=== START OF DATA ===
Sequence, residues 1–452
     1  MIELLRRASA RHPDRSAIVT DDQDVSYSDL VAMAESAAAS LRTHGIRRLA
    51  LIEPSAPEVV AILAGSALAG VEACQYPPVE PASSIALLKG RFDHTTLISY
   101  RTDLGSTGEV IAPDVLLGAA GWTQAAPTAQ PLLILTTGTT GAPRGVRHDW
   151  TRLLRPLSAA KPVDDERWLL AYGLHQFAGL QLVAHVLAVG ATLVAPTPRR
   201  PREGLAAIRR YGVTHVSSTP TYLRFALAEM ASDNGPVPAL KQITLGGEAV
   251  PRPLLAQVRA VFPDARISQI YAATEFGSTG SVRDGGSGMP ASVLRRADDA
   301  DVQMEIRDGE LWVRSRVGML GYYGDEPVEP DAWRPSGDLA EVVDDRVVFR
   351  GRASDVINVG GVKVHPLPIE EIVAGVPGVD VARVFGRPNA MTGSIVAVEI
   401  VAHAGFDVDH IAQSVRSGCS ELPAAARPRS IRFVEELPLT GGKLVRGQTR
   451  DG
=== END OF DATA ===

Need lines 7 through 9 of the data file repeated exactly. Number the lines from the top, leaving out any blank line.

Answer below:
   251  PRPLLAQVRA VFPDARISQI YAATEFGSTG SVRDGGSGMP ASVLRRADDA
   301  DVQMEIRDGE LWVRSRVGML GYYGDEPVEP DAWRPSGDLA EVVDDRVVFR
   351  GRASDVINVG GVKVHPLPIE EIVAGVPGVD VARVFGRPNA MTGSIVAVEI